Resources: Chicago Manual of Style Quick Citation Guide

Themes: representations of makers/inventors/scientists; speculative technologies that do not yet exist but could exist vs. speculative technologies that seem unrealistic/fantasy; ethics of technology; innovations of film/animation technologies; the role of technology in American culture and society as portrayed in speculative fiction; the feedback loop of fictional technological representation and technological research and development (R&D); how films either subvert expectations or rely on existing stereotypes of technology; the possibilities and consequences of technology; capitalism (business) versus the pursuit of knowledge (pure science); Disneyfication in films about technology

"When the Inside Fits the Outside: Steve Rogers’ Miracle Transformation" by Carissa Soukup

Interactive Methods: Text, Image, Surface, Material [TOC]

Choose-Your-Own-Advenure with Twine

Dragon Age Twine by Kristopher Lewis

Interactive Picturebook

Context: Picturebooks are distinct from illustrated novels in that the images are necessary to the narrative, rather than purely decorative or illustrative. Picturebooks are distinct from comics/graphic novels in that the page spread is the frame rather than using lined boxes. While most picturebooks are aimed at a child audience, picturebooks can be open to any audience or subject matter. Picturebooks have the potential for many types of reader interactivity: implied interactivity rewarded at the page turn, physical enhancements/movable elements, and guided external activities.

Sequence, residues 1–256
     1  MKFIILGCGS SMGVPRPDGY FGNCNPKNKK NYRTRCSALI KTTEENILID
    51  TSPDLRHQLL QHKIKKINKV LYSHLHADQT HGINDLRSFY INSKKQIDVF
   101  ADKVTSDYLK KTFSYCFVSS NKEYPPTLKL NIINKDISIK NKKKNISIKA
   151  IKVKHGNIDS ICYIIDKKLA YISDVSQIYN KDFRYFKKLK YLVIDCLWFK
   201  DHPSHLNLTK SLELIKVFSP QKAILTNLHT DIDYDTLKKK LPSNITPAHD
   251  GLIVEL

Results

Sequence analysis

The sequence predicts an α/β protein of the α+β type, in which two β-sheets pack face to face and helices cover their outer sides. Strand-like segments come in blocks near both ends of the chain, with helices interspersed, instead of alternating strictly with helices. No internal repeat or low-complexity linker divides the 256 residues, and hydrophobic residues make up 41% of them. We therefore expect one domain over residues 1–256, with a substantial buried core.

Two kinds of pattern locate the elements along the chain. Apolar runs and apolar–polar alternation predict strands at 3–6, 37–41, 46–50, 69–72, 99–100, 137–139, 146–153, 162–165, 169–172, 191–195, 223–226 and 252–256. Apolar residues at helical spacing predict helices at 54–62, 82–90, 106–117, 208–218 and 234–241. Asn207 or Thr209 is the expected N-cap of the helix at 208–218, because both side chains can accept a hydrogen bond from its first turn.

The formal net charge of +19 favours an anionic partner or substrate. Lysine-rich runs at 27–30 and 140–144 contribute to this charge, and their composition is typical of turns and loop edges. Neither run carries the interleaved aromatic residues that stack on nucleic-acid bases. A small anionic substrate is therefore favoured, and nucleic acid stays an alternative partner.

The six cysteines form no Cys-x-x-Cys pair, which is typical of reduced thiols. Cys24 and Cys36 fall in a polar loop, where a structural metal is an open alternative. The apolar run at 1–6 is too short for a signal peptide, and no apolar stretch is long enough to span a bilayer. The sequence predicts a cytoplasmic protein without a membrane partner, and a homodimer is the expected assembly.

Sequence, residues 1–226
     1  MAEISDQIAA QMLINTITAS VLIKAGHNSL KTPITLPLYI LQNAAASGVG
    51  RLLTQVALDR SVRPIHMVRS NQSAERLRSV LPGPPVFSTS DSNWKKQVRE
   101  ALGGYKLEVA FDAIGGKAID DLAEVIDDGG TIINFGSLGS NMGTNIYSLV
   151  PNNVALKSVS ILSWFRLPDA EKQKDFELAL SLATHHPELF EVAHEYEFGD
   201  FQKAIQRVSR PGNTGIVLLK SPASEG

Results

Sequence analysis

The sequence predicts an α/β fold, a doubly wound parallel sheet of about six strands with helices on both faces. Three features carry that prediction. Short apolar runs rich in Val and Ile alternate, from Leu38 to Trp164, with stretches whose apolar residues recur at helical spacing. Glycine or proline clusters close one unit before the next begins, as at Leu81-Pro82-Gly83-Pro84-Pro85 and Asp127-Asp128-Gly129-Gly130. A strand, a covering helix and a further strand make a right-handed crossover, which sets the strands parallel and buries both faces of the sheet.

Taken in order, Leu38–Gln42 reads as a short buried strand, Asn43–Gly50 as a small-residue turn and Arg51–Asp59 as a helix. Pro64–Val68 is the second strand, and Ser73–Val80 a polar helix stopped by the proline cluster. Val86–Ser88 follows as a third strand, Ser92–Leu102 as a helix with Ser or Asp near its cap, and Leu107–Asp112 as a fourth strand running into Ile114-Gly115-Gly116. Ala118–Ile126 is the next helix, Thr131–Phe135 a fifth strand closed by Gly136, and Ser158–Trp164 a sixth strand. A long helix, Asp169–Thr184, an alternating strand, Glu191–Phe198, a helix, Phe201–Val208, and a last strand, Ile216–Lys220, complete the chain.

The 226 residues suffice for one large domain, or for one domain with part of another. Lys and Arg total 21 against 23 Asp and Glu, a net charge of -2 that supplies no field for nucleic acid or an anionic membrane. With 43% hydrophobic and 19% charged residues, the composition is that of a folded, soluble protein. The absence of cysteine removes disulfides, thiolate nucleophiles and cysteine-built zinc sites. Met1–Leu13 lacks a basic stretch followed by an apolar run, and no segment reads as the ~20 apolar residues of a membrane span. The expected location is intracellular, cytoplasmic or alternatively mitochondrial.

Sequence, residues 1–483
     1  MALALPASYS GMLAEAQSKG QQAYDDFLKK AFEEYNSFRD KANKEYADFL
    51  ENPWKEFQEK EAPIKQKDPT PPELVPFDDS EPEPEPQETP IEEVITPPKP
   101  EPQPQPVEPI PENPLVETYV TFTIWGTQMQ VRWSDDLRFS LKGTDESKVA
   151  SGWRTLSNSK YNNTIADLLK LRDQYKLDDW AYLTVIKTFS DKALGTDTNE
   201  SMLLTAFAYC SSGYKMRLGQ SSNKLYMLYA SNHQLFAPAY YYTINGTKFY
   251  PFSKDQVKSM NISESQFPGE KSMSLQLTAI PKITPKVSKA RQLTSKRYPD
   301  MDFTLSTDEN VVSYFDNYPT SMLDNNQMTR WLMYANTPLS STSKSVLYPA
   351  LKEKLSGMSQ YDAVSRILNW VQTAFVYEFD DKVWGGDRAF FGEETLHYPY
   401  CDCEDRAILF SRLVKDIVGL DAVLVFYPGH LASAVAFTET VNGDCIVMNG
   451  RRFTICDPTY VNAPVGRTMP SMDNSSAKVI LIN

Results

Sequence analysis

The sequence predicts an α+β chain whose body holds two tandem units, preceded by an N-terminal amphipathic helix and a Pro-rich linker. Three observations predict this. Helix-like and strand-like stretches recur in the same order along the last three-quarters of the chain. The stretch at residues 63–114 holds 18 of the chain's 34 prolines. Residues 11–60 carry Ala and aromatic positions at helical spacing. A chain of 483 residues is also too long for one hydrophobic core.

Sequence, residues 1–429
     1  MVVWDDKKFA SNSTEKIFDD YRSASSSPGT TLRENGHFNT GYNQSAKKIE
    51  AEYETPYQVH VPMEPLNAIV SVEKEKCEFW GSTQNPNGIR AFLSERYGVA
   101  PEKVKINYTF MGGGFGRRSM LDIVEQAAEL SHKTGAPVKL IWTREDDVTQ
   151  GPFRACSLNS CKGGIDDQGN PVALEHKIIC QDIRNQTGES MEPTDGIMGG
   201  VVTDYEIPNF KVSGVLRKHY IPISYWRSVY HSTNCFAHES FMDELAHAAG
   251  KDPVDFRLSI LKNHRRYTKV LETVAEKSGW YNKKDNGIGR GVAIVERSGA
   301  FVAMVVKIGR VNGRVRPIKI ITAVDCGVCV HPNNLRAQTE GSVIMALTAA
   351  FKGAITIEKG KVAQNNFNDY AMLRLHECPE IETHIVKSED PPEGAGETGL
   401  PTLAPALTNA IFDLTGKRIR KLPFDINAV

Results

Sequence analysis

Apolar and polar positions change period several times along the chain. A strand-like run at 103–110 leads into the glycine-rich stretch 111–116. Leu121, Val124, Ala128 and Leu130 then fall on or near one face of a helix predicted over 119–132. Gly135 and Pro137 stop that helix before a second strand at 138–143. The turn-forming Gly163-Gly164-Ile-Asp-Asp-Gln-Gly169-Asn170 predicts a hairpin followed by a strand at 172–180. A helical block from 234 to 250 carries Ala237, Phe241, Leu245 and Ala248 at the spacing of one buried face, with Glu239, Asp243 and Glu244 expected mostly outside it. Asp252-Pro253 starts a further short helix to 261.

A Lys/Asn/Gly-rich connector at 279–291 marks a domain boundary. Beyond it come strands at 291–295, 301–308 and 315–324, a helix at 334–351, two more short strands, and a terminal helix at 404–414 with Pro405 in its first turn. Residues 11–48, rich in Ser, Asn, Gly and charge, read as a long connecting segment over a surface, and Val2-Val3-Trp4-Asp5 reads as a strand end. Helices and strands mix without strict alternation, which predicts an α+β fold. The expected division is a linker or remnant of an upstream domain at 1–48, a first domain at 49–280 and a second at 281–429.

Instructions: For this assignment, you will create picturebook (multiples of 8, like 16 or 32 pages) that encourages reader interactivity, whether through page turns, physical enhancements, or imperative directions. Consider the materiality as well as the content. You may choose to reference or allude to actions performed on touchscreens or other digital devices as we look ahead to making a Scratch game, or you may fully utilize the affordances of the medium intending to make modifications in the digital adaptation.

Submission: You will submit either a digital file, a powerpoint of images, or a video walkthrough as well as a 300+ word reflection on your process.

Resources: How to Make a 16-page book from one sheet of paper https://anatomicair.com/how-to-make-a-one-page-zine/

The Little Wizard [PDF] by Kristopher Lewis

Interactive Game with Scratch